WebDD07: Unobtrusive Javascript with Rails (Dave Verwer)

Review: Unobtrusive Javascript with Rails at WebDD Conference 07 15:40 to 16:40

This was the final talk of the day and I was flagging a bit, I'd originally planned to go to Scott Guthrie's WPFe talk, but that was packed out and, following Dave's stellar performance in the previous talk I was interested to see what he had to say on a subject I was a bit more familiar with.

The talk started with a little motivation, why would you want to make your javascript unobtrusive? The main benefits, if your sites are built to work with or without javascript, are:

  • Accessibility - if no part of your site depends on javascript to provide the content then it will naturally be more accessible
  • Mobile Browsing - an increasingly more significant market segment, but most mobile browsers don't handle javascript very well if at all
  • SEO - search engine spiders don't pay any attention to javascript and won't see any content generated by it

Aside from the 'big three', Dave also mentioned the Dutch web accessibility law, which mandates unobtrusive javascript (and will possibly be a model for new laws in other countries), and that separating behaviour from content is just good practice, in the same way as seperating design from content with CSS is.

Next Dave showed us an example of 'good' and 'bad' web applications. We saw Google Maps in which all the basic functionality is available even if javascript is turned off in the browser, and Zoho Planner which is impossible to even log in to without javascript. Then we moved on to some common issues:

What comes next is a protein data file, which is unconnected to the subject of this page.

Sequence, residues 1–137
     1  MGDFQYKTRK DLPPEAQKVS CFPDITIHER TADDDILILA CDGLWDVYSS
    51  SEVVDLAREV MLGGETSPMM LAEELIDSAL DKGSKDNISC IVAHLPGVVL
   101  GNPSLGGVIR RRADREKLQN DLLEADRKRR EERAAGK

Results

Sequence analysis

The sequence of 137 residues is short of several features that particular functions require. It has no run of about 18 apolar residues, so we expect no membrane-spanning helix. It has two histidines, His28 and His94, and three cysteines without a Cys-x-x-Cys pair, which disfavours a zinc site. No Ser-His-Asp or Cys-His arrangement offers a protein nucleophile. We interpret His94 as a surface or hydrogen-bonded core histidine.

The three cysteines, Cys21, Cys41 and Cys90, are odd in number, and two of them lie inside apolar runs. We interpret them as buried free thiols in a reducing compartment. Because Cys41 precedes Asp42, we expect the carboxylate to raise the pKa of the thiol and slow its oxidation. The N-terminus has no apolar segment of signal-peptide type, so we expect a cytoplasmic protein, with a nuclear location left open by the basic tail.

• no target="_blank" - this assumes your user is browsing in a windowed environment
  • no href="#" - this link conveys no useful information if javascript is not enabled
  • no onclick="... - this assumes javascript is available, better to make sure the default functionality works and add event handlers with javascript instead

Finally Dave showed us a demonstration of developing a web app using unobtrusive techniques. He showed us the LowPro, an extension of Prototype to make it easier to implement unobtrusive scripting. This is part of the UJS Rails Plugin which extends the Ajax helpers available in Rails to be unobtrusive, making it all very easy. One of the key points from the demo was that because everything needs to work without javascript, anything which a user without javascript is going to need should be in the HTML. If some of those items aren't needed when the page has been Ajaxified (submit buttons on auto-completing search fields for instance) then they can be hidden with javascript, but it is impossible to have javascript add things in when it's disabled.

In conclusion, Dave recommended that we develop our sites so they work without javascript and then add the script in afterwards. He also recommended that, as we were considering adding an Ajax effect to our page, we asked ourselves three questions:

  • Do we really need it?
  • Will my links still work?
  • Does this break the back button?

Another great talk from Dave with much useful advice, 5 out of 5. I must admit to doing a lot of the href="#" stuff in my daily work as a sort of reflex action, it's a habit I should get out of!

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